Are You Dating An Emotionally Unavailable Man?

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A new study suggests men don't really need a lot of space in relationships after all.

Ever since I read John Gray's Men Are From Mars, Women Are From Venus, I've been insecure about the fact that men need space in relationships. It doesn't help that most men I've dated have either asked for space, took space without warning or turned space into "Goodbye."

Because I thought men did that rubber band thingy where they pulled back a lot, I would often tiptoe around a man who seemed  like he was "on break," afraid to express my need for connection and emotional security while stifling my anger about what seemed like selfish behavior on his part. After all, "man space" can be frightening and lonely.

Do find yourself up against the magnetic pull of man space? Does the man you love need a lot of alone time? Or, if you're single, do you find that most of the men you date take more personal space than you'd like? If you feel like a man's need for space is making you needy and insecure, it could be that you're just dating the wrong men. That was my problem all along. I loved emotionally unavailable men.

A recent marriage survey turned man space on its head. When 1,040 married couples were surveyed in 2012, results revealed that husbands are keener on spending time with their spouses than are wives. And, husbands miss their spouses more when separated than do wives.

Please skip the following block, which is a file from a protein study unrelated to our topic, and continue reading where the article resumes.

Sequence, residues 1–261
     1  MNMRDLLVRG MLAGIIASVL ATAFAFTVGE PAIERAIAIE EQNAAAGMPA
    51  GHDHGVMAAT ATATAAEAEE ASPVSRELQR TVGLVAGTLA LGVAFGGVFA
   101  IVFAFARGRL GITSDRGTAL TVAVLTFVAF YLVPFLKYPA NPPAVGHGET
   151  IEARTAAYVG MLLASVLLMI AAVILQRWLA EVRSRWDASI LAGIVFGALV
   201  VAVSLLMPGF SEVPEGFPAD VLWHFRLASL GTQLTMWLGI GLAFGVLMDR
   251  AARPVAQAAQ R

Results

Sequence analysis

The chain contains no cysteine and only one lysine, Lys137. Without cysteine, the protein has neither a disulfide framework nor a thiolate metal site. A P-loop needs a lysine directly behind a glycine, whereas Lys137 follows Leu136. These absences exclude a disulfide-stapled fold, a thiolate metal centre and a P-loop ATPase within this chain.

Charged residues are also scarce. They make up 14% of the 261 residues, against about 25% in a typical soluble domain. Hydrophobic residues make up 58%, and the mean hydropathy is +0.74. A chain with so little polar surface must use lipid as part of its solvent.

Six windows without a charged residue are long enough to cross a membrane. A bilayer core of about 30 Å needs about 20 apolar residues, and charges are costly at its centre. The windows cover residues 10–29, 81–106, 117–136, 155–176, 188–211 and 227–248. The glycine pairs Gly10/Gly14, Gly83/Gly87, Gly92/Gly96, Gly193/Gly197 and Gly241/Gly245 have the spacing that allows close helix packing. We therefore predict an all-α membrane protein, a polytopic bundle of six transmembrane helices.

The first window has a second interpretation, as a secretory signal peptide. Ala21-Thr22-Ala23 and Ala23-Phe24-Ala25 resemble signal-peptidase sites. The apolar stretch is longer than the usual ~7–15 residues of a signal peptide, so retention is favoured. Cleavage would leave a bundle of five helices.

This is very interesting information because it puts a proverbial dagger in the idea of man space. The survey's results beg the question: If single/dating men and women were polled on their need for space in newer relationships, would men still desire more together time than women?

I would guess that single/dating men would not desire as much together-time in their dating relationships as their female counterparts. However, I think these results would be less correlated to the stage of their relationships than with the type of men who get married.

According to Jenni Trent Hughes of eHarmony, men are more likely to marry for companionship and women for a stronger sense of self, offered through a partner's love and support. If we go on this theory, then it would make sense that the majority of men who marry are emotionally available for connection and deeply desire it. Keep reading ...

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